The Swans are awaiting scans on Kennedy’s hamstring injury with fears it could be a very serious one, while Docherty confirmed on 3AW he was feeling sore but otherwise fine after the Swan’s clumsy late hit.

VOSS LAUDS TWO BLUES AFTER NAILBITER

Carlton coach Michael Voss has lauded his team’s resilience and defensive intent to stave off a resurgent Sydney as the Blues took another step towards booking that elusive first finals berth after almost a decade.

In a match bookended by Charlie Curnow’s six-goal masterclass and Jacob Weitering’s game-saving efforts in defence, Voss couldn’t have been more proud of his team as it logged its eighth win from 10 matches to further entrench themselves inside the top four.

The victory puts the Blues two games clear of the Swans with Voss saying he had never put a ceiling on what his team can achieve in his first season at the helm.

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“I don’t know where I thought we would be (after 10 rounds) … the very first thing I didn’t want to do was put a cap on where we needed to be and what we needed to do,” Voss said.

“We just had a lot of work ahead of us and now with the results that we have, I couldn’t ask for anymore.”

Friday night was the fourth time this season the Blues have faded in the second half, but just as they had done against Western Bulldogs, Hawthorn and Port Adelaide, they did enough to hold onto the victory, this time by 15 points.

The Blues led by 38 points at half-time off the back of a 9.2 second quarter - their highest term against the Swans in 32 years - but Sydney got within nine points in the final term before Carlton found a way.

“We will go to work on it (the fadeouts) and give it some attention, but sometimes you have to stop looking under the rug,” he said.

“There is a lot going on that is going pretty well. Where we showed some real growth was that defensive resilience.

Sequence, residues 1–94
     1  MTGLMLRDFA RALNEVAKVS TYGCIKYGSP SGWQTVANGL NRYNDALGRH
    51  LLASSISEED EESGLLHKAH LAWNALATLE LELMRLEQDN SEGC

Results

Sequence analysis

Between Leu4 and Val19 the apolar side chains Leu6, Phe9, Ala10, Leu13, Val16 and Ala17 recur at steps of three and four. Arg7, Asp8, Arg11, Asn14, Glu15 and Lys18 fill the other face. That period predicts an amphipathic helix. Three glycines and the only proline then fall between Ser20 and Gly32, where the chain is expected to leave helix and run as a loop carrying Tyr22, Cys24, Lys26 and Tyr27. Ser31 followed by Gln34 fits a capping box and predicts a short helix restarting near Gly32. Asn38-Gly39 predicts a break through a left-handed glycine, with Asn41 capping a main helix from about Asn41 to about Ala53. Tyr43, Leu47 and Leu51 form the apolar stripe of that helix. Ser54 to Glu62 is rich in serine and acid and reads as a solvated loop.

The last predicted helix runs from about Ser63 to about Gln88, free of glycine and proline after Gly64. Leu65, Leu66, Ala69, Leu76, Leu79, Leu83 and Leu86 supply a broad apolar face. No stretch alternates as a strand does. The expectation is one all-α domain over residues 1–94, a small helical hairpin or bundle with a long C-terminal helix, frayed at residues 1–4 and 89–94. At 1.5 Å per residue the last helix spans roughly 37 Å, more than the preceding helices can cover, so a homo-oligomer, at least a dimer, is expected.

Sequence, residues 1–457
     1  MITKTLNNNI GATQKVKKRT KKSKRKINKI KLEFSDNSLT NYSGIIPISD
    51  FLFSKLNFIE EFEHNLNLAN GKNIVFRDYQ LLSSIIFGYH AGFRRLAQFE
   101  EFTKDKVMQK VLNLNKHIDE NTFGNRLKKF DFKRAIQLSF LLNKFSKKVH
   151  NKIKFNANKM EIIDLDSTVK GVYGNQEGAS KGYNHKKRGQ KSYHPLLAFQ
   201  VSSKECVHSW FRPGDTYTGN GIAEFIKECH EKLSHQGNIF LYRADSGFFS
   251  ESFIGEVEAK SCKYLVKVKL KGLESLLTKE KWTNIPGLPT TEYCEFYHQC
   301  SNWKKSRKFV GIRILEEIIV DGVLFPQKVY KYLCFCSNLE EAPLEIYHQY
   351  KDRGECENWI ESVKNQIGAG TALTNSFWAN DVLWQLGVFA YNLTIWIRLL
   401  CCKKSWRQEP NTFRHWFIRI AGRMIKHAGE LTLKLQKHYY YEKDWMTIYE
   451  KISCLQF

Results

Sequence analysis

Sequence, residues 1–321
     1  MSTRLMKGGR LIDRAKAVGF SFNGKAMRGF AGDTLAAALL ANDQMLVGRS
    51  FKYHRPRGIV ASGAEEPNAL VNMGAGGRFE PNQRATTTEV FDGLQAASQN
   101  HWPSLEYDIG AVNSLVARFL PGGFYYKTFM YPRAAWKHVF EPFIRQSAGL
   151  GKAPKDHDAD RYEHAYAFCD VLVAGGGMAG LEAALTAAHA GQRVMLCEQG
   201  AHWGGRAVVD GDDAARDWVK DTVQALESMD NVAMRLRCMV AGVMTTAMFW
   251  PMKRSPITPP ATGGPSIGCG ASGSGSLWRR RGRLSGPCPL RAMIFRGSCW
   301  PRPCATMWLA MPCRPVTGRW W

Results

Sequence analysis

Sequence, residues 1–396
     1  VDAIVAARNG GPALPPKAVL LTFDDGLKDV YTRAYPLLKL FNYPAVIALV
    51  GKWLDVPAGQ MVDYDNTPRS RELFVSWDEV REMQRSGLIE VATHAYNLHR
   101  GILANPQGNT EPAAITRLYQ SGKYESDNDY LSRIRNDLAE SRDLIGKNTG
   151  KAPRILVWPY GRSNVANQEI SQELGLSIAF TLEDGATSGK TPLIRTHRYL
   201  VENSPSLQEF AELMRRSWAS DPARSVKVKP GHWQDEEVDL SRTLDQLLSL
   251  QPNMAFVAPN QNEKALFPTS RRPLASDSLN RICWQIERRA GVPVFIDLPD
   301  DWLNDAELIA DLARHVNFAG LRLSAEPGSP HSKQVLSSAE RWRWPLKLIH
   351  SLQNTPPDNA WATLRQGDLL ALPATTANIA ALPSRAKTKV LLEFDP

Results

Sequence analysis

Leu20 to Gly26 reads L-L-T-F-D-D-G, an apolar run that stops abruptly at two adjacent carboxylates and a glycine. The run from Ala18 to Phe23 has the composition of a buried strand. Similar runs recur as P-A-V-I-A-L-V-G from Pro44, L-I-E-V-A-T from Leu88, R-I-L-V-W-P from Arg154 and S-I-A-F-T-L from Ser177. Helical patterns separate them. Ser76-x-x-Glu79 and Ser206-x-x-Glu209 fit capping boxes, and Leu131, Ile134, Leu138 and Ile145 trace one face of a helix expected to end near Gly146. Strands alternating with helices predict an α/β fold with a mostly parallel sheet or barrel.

“We absorbed a lot and it didn’t look like we were going there in the end, but we found a way and that was really pleasing.

“We are still a developing system, we are still progressing in the way we play, we have had huge growth from a month ago to now.”

Voss said Curnow was growing in confidence after such a long injury layoff, saying he had some very special attributes.

The coach reserved special credit for Weitering’s calmness under pressure in defence and Sam Docherty’s ability to bounce back from a heavy knock from Swans veteran Josh Kennedy.

“I am not into sitting here and lauding individuals as we all take a selfless approach … but you have to acknowledge what is right in front of you,” he said.

“He (Weitering) was just amazing. With the amount of ball coming in there, he looked so safe, sure and strong and if anyone had a will (to win) in the end, it was him.”

He said of Docherty: “The players acknowledged it in the after match and spoke about the effort to firstly go for the ball and then to be able to keep playing on.”

“He keeps overcoming challenges that come his way. He has had a great year and the players love playing with him.”

The Blues were able to do it on Friday night without some of their key players including Harry McKay, Marc Pittonet, Zac Williams and Jack Martin.